"Am I breaking the rules?" asks Amy Tischler. She has strayed into the center of a workshop in the Santa Fe Opera's brand-new props department. The rest of the tour group clusters at one edge of the cavernous room, snapping photos with their phones as she poses beside statues of massive winged figures that will appear in this season's production of Romeo et Juliette. The tour guide, Maya Rose Tweten, directs Tischler back onto their sanctioned route with a good-natured wave. Such shenanigans are expected from this gang: They are avid contributors to the unbridled photography app-cum-social experiment known as Instagram.

"Social media is like the Wild West," says Tischler. "There really aren't a lot of rules, so you're not boxed in with this traditional method of what you should be doing. We're only limited by our imaginations." It's an apt observation for an event with a strong spaghetti Western flavor. Later this evening, the group will view and photograph a rehearsal performance of La Fanciulla del West. Puccini's opera in three acts, which premiered at the Metropolitan Opera in 1910, follows frontierswoman Minnie on a series of gunslinging adventures during the California Gold Rush. Tischler and her collaborator Caitlin Elizabeth Jenkins have also mastered the art of the quick draw, albeit with their iPhone cameras.

SFO's famous open-air stage captivates.
SFO's famous open-air stage captivates. | Maria Egolf-Romero

The duo founded the Instagram account @SimplySantaFeNM in December 2014, challenging photographers to label their best local shots with the tag #SimplySantaFe. Less than two years on, they've shared more than 1,000 of their favorite photos from an ever-growing pool of nearly 50,000 images. Their account boasts over 16,000 followers, and that number grows with every post. The success of the project inspired Tischler and Jenkins to launch a social media consulting business called Simply Social Media. For their flagship events, referred to as "Instameets," Tischler and Jenkins convince renowned local businesses to let them gallop around behind the scenes with their camera-wielding friends.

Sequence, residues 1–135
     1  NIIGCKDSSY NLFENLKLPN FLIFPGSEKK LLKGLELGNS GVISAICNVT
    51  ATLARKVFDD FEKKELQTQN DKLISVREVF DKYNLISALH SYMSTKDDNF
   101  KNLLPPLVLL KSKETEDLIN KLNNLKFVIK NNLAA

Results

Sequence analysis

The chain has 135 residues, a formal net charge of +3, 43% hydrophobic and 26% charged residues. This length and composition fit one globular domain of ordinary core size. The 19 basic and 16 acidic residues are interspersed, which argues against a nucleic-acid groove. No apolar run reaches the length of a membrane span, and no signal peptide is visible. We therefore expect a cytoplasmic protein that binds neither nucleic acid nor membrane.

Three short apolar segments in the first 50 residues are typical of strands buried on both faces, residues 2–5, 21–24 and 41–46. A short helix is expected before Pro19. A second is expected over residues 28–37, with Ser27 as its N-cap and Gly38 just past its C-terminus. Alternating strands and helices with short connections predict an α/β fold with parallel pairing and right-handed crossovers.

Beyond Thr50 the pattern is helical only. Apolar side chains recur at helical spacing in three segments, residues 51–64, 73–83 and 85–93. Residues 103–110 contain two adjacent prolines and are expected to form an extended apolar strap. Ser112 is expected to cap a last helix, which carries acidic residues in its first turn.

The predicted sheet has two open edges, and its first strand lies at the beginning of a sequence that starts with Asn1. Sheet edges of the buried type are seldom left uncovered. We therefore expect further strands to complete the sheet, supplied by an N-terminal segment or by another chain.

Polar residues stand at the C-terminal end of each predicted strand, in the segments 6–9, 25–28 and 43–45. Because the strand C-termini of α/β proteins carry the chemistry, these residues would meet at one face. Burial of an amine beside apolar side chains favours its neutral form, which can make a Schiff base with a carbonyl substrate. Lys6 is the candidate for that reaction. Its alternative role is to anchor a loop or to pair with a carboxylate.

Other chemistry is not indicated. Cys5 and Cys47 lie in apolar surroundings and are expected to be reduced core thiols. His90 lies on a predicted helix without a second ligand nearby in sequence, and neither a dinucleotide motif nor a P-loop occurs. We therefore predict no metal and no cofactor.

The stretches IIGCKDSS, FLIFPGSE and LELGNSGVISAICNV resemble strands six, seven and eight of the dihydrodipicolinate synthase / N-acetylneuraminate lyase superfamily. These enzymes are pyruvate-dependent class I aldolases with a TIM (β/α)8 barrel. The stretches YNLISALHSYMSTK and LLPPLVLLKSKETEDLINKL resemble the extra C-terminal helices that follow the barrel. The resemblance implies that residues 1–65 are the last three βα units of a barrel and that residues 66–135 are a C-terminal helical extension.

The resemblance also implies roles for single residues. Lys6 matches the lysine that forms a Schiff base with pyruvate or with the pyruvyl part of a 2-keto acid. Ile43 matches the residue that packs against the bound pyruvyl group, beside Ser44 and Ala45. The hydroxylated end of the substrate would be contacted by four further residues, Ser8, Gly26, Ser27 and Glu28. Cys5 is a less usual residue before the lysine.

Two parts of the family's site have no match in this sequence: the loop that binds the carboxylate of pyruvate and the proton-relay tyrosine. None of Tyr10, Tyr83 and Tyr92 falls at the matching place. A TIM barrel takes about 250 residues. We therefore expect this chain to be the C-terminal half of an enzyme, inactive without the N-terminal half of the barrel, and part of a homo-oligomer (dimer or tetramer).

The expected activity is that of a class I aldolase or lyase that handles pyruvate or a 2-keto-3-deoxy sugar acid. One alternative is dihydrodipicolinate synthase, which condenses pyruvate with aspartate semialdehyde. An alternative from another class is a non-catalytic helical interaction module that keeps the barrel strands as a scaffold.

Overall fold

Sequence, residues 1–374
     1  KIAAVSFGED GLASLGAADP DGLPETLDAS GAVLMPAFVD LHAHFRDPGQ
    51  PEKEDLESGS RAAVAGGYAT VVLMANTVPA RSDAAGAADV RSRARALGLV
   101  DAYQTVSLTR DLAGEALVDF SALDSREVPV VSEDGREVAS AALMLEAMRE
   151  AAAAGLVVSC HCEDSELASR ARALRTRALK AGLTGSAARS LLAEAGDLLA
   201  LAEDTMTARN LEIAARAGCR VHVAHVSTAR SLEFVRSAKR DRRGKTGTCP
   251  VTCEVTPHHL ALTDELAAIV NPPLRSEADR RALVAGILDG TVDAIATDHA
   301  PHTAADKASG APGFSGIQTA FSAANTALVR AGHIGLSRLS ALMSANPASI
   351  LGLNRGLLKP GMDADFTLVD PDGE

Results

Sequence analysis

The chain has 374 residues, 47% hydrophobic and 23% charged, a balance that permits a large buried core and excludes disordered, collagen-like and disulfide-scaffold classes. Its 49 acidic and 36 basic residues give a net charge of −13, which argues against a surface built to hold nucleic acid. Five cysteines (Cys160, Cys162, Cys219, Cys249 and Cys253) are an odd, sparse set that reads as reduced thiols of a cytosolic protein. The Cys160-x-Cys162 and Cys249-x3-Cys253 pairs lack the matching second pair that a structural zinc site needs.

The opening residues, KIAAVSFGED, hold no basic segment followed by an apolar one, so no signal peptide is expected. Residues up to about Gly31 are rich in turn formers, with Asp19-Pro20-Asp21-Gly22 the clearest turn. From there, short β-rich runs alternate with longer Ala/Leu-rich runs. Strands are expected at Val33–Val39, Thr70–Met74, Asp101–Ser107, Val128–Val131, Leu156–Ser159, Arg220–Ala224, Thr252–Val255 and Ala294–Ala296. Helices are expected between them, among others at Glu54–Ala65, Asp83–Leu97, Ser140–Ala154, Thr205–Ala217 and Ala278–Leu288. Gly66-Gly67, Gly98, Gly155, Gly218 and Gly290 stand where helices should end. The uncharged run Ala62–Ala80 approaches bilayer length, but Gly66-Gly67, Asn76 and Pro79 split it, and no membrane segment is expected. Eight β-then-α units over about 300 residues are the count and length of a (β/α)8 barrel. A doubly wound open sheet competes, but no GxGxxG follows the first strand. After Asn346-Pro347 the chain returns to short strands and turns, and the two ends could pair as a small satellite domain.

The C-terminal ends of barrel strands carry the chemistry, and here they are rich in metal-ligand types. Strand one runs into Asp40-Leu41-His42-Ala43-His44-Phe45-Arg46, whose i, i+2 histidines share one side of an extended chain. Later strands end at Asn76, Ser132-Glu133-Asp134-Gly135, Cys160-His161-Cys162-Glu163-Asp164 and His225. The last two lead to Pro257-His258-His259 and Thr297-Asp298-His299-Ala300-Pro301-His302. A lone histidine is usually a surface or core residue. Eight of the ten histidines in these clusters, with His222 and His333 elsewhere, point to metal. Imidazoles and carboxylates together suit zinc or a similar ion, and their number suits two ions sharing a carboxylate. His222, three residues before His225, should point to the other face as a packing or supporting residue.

The concept is a new frontier for the Santa Fe Opera. “It’s all about giving Instagrammers an opportunity to have access to something that is not open to everybody,” says Jenkins. “That’s one of the reasons we love the opera Instameets. Backstage tours are open to other people, but photography is not usually allowed. For our events, it’s encouraged.”

On a sprawling deck that hides just behind the opera’s famous open-air stage, the photographers hover around set pieces for tonight’s show. There are several sections of a saloon that will interlock onstage, and a cross-section of a two-story cabin where Minnie will rendezvous with a mysterious lover. They look surreal on this concrete expanse, as though they were deposited here by a high desert dust devil. “You never know what can happen, the possibilities that come from Instagram,” Jenkins says with amazement.

It all started when Jenkins reached out to Tischler—through Instagram, of course—to arrange a photography excursion. They had been aware of each other's posts for a while (Tischler's personal account is @amytischler, and Jenkins promotes her freelance photography business through @caitlinephoto), though Tischler never thought of her hobby as something that could launch a business. "I was just editing photos and trying to see what I could do with my phone," says Tischler. "Smartphones and Instagram gave me new access to creating images. Then I realized that this is more than just an editing tool, it's actually a community."